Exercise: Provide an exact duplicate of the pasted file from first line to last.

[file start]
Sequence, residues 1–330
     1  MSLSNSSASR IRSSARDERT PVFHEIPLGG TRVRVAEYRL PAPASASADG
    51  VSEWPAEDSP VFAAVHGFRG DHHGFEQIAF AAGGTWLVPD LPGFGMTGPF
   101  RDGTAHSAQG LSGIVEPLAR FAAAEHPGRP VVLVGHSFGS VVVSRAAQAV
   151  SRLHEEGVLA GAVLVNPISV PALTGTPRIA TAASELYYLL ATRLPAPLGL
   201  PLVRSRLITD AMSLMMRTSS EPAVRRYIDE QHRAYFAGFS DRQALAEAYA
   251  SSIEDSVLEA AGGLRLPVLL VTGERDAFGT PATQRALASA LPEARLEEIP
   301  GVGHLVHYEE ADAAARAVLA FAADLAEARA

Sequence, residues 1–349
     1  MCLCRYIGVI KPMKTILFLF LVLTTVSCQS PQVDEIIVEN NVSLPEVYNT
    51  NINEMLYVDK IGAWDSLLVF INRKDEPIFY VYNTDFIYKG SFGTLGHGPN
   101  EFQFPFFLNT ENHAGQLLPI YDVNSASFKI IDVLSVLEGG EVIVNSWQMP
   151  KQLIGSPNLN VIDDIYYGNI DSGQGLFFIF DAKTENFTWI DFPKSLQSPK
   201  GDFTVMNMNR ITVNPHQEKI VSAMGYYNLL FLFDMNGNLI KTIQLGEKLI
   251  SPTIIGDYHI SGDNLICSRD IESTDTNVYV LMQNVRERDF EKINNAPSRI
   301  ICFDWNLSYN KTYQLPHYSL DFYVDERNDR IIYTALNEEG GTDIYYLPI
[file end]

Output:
Sequence, residues 1–330
     1  MSLSNSSASR IRSSARDERT PVFHEIPLGG TRVRVAEYRL PAPASASADG
    51  VSEWPAEDSP VFAAVHGFRG DHHGFEQIAF AAGGTWLVPD LPGFGMTGPF
   101  RDGTAHSAQG LSGIVEPLAR FAAAEHPGRP VVLVGHSFGS VVVSRAAQAV
   151  SRLHEEGVLA GAVLVNPISV PALTGTPRIA TAASELYYLL ATRLPAPLGL
   201  PLVRSRLITD AMSLMMRTSS EPAVRRYIDE QHRAYFAGFS DRQALAEAYA
   251  SSIEDSVLEA AGGLRLPVLL VTGERDAFGT PATQRALASA LPEARLEEIP
   301  GVGHLVHYEE ADAAARAVLA FAADLAEARA

Sequence, residues 1–349
     1  MCLCRYIGVI KPMKTILFLF LVLTTVSCQS PQVDEIIVEN NVSLPEVYNT
    51  NINEMLYVDK IGAWDSLLVF INRKDEPIFY VYNTDFIYKG SFGTLGHGPN
   101  EFQFPFFLNT ENHAGQLLPI YDVNSASFKI IDVLSVLEGG EVIVNSWQMP
   151  KQLIGSPNLN VIDDIYYGNI DSGQGLFFIF DAKTENFTWI DFPKSLQSPK
   201  GDFTVMNMNR ITVNPHQEKI VSAMGYYNLL FLFDMNGNLI KTIQLGEKLI
   251  SPTIIGDYHI SGDNLICSRD IESTDTNVYV LMQNVRERDF EKINNAPSRI
   301  ICFDWNLSYN KTYQLPHYSL DFYVDERNDR IIYTALNEEG GTDIYYLPI